Regular readers will be only too aware of the large collection of succulents and agaves on show at Driftwood in the summer months. What they may not know is that many have to be protected for the winter months, as they don’t like the cold and the wet.

My aeoniums were all gathered up and placed in the front and back porches of the house, or heated greenhouse, last month and now it’s the turn of the agaves.

Up until this year, I have lifted and placed over 70 pots in varying sizes under cover.

Back in March, when I took them all out, I decided that the larger specimens would have to go in the ground, as it was just no longer viable for me to continue to carry on lifting them.

The Argus: Agave American variegatedAgave American variegated

The larger agave Americana variegated were carefully planted adjacent to the large rowing boat. We are on chalk, so drainage is quite good as they do not like to get too wet.

Grow Agave Americana Variegata in well-drained soil in full sun.

When mature, like those I have planted, they should be able to cope with cold and frosts, provided they’re protected from winter wet. Young plants will need extra protection so the smaller ones will still go under cover.

Agave plants spread without flowering, by growing offshoots, called pups. These pups grow into new plants once they are separated from the main plant. They are easily removed by exposing the connecting root and cutting through it.

The Argus: Pups from the agave AmericanaPups from the agave Americana

You can then grow the pups by replanting them. You can see pictured some I have taken from an agave this week.

Just gently remove the main plant from the container and tease the pup away from the main roots, taking great care not to damage them.

You can see I managed to garner another dozen or so new plants, having harvested them from several plants.

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You will find that some are really well established with their own roots while others just have a few strands on the core root. With care, you can ensure all grow into healthy plants.

I have accumulated quite a number of different types of agave over the years, some more hardy than others. Above, you can see an Agave Ovatifolia or oval-leaved agave. It is a succulent perennial with rosettes, up to 1.5m high and 2m across, of almost white, pale blue-green leaves. The leaves are broad and almost egg-shaped in outline, with only small teeth on the scalloped edges but tipped at the ends with very sharp spines.

Flowering stems, when produced, are 1.5-2m high with yellow-green flowers in summer, however they are unlikely to flower in the UK. This species is much more tolerant of cold and moist climates than many other species and is best grown in full sun, in sharply drained dry soil.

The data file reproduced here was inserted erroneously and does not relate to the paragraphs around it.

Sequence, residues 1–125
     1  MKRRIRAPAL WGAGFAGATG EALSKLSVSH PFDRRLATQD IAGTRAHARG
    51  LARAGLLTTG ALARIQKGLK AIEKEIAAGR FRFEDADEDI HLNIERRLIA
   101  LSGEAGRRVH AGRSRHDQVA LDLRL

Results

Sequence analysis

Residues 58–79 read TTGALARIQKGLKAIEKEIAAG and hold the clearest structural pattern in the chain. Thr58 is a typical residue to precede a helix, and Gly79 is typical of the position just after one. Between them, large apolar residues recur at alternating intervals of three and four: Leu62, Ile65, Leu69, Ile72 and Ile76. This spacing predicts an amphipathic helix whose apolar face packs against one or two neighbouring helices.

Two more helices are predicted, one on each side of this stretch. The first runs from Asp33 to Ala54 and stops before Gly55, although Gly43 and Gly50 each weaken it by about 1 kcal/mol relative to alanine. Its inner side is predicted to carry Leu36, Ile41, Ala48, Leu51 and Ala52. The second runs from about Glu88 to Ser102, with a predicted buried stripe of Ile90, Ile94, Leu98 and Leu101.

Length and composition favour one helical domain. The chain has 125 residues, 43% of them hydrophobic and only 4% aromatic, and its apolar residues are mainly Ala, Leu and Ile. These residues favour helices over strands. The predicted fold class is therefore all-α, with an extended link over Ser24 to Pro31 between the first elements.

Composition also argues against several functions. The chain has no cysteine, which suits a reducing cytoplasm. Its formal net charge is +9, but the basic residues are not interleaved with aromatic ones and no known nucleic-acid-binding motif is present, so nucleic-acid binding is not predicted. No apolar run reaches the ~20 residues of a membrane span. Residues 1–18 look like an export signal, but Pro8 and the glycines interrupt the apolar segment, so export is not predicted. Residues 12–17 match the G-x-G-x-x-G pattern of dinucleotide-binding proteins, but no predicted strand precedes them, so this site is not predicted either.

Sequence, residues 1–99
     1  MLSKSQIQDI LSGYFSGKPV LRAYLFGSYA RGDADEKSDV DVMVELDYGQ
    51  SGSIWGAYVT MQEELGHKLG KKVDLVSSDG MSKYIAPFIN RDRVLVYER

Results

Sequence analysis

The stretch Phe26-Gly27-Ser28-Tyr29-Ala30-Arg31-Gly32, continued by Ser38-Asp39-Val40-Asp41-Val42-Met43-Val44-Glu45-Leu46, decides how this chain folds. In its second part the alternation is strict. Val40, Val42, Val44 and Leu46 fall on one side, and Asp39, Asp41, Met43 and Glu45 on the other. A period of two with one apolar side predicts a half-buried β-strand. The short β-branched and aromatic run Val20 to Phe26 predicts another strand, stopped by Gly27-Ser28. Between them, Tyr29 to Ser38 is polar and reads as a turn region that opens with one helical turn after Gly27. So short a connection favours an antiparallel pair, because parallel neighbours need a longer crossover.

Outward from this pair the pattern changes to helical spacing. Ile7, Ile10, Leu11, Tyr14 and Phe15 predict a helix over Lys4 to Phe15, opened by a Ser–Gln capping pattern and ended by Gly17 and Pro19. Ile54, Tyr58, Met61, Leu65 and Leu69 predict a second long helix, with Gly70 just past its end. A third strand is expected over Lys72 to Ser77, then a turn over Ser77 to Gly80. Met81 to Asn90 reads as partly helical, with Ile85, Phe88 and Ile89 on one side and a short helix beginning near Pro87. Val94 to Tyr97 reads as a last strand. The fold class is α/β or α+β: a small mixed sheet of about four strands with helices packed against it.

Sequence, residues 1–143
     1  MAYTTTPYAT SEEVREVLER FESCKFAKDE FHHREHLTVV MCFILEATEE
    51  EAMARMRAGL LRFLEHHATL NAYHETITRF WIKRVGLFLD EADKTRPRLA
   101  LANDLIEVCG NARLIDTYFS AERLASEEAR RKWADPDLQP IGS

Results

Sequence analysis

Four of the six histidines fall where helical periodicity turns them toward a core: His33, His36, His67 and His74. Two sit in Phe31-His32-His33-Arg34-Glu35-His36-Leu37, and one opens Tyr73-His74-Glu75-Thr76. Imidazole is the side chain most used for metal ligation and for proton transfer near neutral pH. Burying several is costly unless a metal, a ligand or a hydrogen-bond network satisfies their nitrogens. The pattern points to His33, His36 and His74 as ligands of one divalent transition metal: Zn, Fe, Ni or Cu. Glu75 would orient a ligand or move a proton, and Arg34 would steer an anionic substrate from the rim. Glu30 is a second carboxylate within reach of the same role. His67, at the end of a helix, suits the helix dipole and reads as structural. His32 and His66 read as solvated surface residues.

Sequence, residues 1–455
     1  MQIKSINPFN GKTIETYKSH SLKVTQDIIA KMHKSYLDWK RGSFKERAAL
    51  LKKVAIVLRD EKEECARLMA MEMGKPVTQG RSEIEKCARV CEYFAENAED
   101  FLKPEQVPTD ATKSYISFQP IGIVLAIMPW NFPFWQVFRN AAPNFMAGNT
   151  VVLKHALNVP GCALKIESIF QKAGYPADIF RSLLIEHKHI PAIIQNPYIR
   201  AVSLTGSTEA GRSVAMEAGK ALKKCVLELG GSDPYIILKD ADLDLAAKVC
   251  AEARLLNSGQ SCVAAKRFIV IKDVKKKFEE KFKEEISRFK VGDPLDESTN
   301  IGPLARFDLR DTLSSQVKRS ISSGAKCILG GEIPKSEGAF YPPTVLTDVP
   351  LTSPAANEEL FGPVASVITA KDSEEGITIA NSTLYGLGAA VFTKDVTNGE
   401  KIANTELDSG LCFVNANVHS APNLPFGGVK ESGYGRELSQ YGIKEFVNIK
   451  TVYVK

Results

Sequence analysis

Mine is in a container and will stay out in the beach garden for the first time this winter. It is the perfect choice for city and courtyard gardens, coastal plots, gravel garden or patios and containers.

Another gorgeous specimen is Agave Montana or mountain agave. This is a rosette-forming, evergreen, perennial succulent to about 1.5m.

The leaves are light greyish-green, edged and tipped with reddish spines.

Again, unlikely to flower in the UK but in the wild it produces huge, club-shaped inflorescences made up of tightly clustered yellow flowers on short branches supported by a scaly, 5m high trunk.

They are hardier than most agaves, and may survive outdoors in a warm position in very well-drained, slightly acid soil in full sun. Mine is going to stay out this winter as it is just so heavy now to carry.

Any agave can be grown in a container, but the smaller varieties are the most popular. Agave plants love to be root bound, so growing them in pots make these plants excellent candidates for houseplants too.

All container-grown agave plants need a soil that dries slowly but drains quickly. Mine being left outside have the leaves growing over the edges of the pots, which will help prevent rain from reaching the compost and this keep the roots dry through the winter too. The pot doesn’t need to be very deep. When planting your agave in containers, make sure the crown remains above soil level to prevent crown rot.

As with many succulent plants, agaves are shallow-rooted and can grow in any size container because they don’t need much soil.

Do take care to ensure they do not get too wet. The first sign is usually light spotting on the leaves where it’s losing bits of colour. At this point, the leaves may also appear swollen. As the overwatering progress, the leaves turn yellow or somewhat translucent and feel mushy.

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